Another characteristic essential to the puppet repertoire is parody. During the 19th century, the Teatro Gerolamo of Milan and the Teatro Gianduja of Turin frequently presented parodies of important lyrical works; the comical effect was created from the start just by the small size of the stage presenting an opera like Verdi’s Aida. In Lyon,  between 1878 and 1888, Pierre Rousset was doing the same thing with his adaptations of “big theatre” dramas like Guignol Tell, Guignol et Juliette or Robert le Diable (Robert the Devil), in which Guignol would sing tenor arias while Gnafron sang bass. In the second part of the 20th century, José Géal of the Royal Theatre of Toone in Brussels, Belgium, exploited this genre with Cyrano de Bergerac or Don José taken from the opera Carmen. Very often in this satirical repertoire, the diatribes from characters such as Pulcinella, Guignol or Ghetanaccio were directly aimed at institutions.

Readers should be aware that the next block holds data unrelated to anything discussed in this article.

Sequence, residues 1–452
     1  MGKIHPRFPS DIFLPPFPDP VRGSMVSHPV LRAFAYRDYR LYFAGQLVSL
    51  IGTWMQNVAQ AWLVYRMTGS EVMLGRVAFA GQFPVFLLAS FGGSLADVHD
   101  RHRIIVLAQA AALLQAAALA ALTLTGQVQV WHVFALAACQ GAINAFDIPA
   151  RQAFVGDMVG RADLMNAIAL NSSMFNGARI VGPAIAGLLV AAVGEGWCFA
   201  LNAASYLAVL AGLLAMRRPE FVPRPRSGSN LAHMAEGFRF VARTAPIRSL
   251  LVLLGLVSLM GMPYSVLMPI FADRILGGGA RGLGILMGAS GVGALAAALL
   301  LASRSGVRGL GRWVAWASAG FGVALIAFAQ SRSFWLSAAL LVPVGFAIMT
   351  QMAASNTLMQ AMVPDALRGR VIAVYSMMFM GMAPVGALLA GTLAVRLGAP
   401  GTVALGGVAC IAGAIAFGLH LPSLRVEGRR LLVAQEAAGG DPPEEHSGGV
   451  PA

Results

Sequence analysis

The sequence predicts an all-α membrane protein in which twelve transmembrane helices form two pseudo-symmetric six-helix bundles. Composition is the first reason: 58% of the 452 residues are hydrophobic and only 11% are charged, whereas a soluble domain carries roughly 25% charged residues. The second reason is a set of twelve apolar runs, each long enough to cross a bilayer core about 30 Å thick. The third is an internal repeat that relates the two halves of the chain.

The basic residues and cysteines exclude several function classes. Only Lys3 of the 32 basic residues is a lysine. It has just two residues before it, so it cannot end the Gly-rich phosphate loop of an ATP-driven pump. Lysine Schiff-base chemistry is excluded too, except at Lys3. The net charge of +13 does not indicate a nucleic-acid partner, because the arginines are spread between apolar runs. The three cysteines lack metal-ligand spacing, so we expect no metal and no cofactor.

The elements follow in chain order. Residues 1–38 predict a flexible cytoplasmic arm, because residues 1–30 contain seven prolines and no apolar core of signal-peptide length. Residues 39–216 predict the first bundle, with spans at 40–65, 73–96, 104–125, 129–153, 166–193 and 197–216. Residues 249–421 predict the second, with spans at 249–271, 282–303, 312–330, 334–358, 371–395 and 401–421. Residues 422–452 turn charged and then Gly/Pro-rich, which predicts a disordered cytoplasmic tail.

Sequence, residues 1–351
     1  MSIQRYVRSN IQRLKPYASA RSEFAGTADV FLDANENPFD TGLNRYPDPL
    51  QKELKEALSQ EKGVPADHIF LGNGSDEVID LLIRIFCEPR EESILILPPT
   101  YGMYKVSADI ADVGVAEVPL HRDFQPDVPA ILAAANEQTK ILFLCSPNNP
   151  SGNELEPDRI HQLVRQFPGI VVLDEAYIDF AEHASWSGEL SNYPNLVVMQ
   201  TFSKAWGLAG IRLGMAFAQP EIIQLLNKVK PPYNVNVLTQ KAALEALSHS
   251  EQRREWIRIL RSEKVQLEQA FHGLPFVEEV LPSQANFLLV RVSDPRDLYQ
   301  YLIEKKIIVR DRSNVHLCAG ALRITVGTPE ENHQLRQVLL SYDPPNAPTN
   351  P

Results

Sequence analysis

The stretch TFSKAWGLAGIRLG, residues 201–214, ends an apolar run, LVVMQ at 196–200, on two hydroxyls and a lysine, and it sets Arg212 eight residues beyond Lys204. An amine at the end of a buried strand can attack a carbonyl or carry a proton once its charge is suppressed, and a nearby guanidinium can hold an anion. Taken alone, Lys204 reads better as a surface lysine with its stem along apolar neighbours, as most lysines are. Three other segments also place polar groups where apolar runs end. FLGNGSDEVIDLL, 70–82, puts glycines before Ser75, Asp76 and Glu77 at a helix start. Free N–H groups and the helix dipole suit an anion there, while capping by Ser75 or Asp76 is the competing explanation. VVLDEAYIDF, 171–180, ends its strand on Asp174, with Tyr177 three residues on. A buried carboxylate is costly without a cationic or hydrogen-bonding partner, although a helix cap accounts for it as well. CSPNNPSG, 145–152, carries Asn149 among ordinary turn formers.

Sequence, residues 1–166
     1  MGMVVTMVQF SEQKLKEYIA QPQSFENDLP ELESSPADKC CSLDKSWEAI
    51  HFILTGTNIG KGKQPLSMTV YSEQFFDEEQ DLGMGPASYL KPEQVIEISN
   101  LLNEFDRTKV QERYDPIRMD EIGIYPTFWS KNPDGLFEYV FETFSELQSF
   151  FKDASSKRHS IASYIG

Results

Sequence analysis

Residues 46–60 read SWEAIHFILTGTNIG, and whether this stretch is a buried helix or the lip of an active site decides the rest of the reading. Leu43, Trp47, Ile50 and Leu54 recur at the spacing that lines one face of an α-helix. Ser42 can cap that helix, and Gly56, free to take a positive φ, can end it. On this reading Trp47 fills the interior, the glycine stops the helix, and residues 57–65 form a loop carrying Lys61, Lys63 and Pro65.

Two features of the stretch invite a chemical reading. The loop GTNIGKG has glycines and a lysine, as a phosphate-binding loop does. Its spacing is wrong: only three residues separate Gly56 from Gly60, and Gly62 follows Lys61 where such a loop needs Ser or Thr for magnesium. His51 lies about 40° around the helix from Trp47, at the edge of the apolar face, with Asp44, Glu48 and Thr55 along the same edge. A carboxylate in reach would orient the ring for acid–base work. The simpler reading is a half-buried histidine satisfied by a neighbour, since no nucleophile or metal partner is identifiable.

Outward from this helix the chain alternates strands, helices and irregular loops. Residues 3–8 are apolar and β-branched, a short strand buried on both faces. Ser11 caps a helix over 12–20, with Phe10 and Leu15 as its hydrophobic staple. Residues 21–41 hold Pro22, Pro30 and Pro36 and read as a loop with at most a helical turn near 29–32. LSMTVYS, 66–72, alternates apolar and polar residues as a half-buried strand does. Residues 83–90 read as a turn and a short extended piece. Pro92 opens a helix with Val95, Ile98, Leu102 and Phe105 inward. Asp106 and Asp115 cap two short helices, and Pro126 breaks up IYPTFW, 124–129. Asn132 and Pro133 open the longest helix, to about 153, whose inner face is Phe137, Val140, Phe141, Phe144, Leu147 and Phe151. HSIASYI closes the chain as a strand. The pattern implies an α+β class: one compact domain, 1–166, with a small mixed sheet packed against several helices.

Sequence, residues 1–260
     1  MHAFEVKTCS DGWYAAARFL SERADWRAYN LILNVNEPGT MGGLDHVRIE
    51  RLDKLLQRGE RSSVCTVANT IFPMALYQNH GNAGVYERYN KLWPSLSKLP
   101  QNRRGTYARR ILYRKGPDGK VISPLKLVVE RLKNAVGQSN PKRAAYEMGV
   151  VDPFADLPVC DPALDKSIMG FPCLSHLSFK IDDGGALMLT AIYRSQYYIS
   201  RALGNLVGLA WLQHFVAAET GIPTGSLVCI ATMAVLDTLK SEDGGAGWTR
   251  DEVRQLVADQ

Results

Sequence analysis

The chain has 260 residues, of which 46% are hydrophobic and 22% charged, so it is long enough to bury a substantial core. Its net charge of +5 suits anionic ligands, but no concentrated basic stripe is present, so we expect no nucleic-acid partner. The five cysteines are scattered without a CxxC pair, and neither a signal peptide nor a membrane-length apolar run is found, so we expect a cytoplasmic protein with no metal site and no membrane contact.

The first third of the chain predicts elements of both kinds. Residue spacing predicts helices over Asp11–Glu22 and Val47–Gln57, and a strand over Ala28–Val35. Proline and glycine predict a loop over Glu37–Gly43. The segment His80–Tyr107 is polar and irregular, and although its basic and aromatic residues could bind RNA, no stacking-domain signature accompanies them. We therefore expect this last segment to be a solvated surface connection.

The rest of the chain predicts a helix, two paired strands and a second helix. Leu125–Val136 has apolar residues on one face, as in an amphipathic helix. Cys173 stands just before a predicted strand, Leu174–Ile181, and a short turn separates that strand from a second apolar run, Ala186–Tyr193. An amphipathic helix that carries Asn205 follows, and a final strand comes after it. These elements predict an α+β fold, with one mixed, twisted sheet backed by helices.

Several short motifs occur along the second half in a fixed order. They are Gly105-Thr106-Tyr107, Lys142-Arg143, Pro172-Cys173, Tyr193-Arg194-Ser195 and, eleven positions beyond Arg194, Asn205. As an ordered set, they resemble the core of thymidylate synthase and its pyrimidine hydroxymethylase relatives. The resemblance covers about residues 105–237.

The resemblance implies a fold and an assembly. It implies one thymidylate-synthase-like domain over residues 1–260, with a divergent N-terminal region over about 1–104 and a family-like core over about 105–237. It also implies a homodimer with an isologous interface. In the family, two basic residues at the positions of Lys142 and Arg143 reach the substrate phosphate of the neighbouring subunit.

Asian Traditions

Asian puppet theatre repertoire is very diverse as well, and is also divided into oral and written traditions. This complexity is accentuated by the plurality of its modes of expressions and its techniques, some of which are specific – shadow, mask, dance, “living” puppets (or “flesh puppets” as in China), water puppets – each genre having its own appropriate repertoire. However, common traits can be found in all, in particular the importance of song and music in regards to the written text, the narrow and subtle relationship with live theatre – kabuki thus even borrowed certain of its characteristics from puppet theatre – the central role of ritual and religious elements (especially in Indonesia and in Taiwan) or the great epics like the Ramayana and the Mahabharata in India and the Journey to the West (Xiyou ji) in China (see Monkey King). Japan also stands out due to the wealth of its written repertoire thanks to Chikamatsu Monzaemon, who is at the core of ningyō-jōruri or Bunraku.

More Recent Western Repertoire

In this regard, Western puppetry has also generated the creation of specific texts that have entered into the repertoire of companies (certain works by Michel de Ghelderode for the Toone Theatre, Maurice Maeterlinck, Federico García Lorca, Ubu roi (King Ubu) by Alfred Jarry). And today, a trend is taking shape in the renewal of theatrical writing, using as a starting point in writing text characteristics that are specific to puppet theatre.

(See also Dramaturgy, Opera dei Pupi.)